What happens if you are delinquent in making your property tax payment to a city or town? Chapter 60 of the General Laws governs the procedures available to municipalities for collecting delinquent real estate taxes. There are multiple remedies provided under G.L. c. 60, including bringing suit on the debt, presenting the claim against the estate of a deceased taxpayer, placing a lien on the property and selling that lien, taking title for nonpayment of taxes, and even arresting the taxpayer. The most common remedy, and arguably the most severe, is the process by which the municipality seizes absolute title to the taxpayer’s land by tax deed.
Section 53 of Chapter 60, states:
If a tax on land is not paid within fourteen days after demand therefor and remains unpaid at the date of taking, the collector may take such land for the town, first giving fourteen days’ notice of his intention to exercise such power of taking, which notice may be served in the manner required by law for the service of subpoenas on witnesses in civil cases or may be published, and shall conform to the requirements of section forty. He shall also, fourteen days before the taking, post a notice so conforming in two or more convenient and public places.
Simply put, Massachusetts statutory law allows a municipality to take title to a citizen’s property for any amount of delinquent ad valorem tax payments, with constitutionally-inadequate notice, and no hearing or an opportunity to be heard—the unreviewable authority to take title is vested solely in the municipal tax collector, as to whom Massachusetts law imposes no job qualifications. As there is no process, and tax collectors are not required to have any accounting education, experience or skills, no evidence is ever adduced before a neutral arbiter to prove the validity of any real estate tax arrearage before a tax taking occurs. Once title is taken without a hearing, G.L. c. 60, § 53 confers authority on the municipality to take possession and rents, leaving the citizen property owner with the mere equity of redemption. (It should be noted that, while Massachusetts statute vests such rights in tax collecting municipalities, cities and towns very seldom, if at all, seek to exercise these rights – likely because of their constitutional dubiousness.)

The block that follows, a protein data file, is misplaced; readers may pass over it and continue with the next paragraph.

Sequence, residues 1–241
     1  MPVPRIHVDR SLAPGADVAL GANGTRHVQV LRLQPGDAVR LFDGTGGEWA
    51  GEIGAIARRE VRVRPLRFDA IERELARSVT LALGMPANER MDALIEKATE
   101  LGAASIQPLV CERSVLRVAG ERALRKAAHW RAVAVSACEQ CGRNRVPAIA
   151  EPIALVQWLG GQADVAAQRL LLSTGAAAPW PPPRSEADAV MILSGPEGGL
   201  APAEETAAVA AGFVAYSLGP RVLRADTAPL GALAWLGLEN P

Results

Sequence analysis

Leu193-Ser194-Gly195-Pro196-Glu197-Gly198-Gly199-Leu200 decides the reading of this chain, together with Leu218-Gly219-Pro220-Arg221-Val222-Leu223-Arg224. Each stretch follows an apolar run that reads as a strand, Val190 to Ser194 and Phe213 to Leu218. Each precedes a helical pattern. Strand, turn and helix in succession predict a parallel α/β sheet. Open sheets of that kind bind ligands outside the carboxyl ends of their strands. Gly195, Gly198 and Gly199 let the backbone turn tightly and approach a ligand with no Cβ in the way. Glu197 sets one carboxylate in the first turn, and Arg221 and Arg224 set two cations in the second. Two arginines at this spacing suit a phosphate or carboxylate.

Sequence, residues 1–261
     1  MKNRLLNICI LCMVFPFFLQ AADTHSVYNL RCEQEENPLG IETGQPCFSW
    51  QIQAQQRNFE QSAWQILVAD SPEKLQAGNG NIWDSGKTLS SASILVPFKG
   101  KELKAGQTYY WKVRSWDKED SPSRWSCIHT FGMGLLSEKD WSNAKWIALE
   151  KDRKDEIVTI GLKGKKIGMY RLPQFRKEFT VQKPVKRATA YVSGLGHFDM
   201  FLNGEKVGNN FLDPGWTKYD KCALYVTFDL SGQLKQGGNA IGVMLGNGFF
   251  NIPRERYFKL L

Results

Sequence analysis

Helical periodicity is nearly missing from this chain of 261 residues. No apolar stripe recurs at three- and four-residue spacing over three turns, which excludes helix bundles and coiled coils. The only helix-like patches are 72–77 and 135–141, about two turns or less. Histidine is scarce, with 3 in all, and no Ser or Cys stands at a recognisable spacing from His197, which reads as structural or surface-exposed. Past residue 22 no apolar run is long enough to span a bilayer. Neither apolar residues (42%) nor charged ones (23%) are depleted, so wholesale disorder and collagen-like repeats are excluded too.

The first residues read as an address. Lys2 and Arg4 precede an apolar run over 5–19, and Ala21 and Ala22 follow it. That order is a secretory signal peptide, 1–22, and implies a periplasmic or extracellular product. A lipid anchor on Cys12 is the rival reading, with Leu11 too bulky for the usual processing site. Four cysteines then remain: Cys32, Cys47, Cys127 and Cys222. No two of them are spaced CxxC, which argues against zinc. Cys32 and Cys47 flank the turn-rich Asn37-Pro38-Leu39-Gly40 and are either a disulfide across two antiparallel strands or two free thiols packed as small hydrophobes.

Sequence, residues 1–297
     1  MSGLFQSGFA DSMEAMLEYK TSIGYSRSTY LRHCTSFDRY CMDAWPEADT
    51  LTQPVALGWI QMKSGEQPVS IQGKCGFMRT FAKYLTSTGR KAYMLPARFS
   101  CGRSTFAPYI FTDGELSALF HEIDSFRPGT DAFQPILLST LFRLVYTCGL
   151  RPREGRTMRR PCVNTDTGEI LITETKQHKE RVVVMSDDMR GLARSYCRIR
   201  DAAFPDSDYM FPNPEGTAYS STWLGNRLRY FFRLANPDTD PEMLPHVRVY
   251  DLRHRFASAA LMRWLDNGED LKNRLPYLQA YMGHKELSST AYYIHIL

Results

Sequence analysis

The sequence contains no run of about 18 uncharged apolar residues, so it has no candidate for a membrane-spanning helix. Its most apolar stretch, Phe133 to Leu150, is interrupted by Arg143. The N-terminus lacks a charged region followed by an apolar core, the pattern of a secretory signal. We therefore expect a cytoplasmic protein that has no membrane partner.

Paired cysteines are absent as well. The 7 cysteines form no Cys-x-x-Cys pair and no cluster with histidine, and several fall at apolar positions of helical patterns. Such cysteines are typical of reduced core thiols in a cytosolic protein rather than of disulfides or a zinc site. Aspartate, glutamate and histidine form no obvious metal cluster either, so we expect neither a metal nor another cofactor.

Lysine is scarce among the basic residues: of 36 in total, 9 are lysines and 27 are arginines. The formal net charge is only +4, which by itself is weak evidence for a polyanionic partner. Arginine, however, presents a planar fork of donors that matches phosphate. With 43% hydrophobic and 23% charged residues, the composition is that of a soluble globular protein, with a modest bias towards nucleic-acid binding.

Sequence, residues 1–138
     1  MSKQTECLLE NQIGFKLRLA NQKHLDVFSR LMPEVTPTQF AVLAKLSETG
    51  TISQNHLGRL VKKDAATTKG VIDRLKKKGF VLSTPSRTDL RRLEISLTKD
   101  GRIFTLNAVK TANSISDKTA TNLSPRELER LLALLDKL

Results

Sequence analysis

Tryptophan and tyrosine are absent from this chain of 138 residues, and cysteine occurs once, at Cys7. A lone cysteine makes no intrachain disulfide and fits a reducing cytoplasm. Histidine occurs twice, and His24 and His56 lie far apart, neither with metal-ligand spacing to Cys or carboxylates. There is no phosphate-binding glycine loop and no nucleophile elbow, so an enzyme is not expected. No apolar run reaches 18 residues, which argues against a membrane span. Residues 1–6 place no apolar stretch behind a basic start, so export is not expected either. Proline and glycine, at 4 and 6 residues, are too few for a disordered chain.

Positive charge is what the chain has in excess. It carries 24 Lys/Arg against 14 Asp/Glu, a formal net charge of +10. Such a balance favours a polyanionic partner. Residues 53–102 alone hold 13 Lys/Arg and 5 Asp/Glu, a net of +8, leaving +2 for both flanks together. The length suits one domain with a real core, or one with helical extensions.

To foreclose the equity of redemption, Massachusetts law requires a municipality to file a petition with the Massachusetts Land Court. However, the claims and defenses that may be litigated in such quasi-judicial proceedings are highly-circumscribed; and, according to the late Chief Justice of the Massachusetts Supreme Judicial Court in one of his last decisions in 2020, the tax lien foreclosure process is “archaic and arcane[,]” the relevant “body of law is difficult to understand even for experienced attorneys[,]” and “the complexity and opacity of this process can, and sometimes does, result in catastrophic consequences for landowners[.]” Tallage Lincoln, LLC v. Williams, 485 Mass. 449, 450 (2020). The late Chief Justice, in fact, strongly suggested that this labyrinthine and confusing system is unconstitutional because, on top of these infirmities, “the taxpayer loses any equity he or she has accrued in the property, no matter how small the amount of taxes due or how large the amount of equity,” id. at 453; and Massachusetts law affords taxpayers no entitlement to excess funds when the property is ultimately sold by the municipality. See id. at 453 n.4. Adding further constitutional injury to facial constitutional insult, the quasi-judicial tax lien foreclosure process in Massachusetts does not promise a meaningful opportunity to be heard.
Until foreclosed, the taxpayer can redeem the property by paying the outstanding delinquent tax at an almost usurious interest rate of sixteen percent plus additional fees. However, if a taxpayer is unable to redeem the property during this time, a decree of foreclosure will enter. Most municipalities, however, are usually willing to allow a taxpayer to redeem the property through negotiations pursuant to G.L. c. 60, § 69, at any point before the subject property is sold to a third-party bona fide purchaser for value. In addition, for the first year after the foreclosure judgment is entered, it can theoretically be vacated by the Court.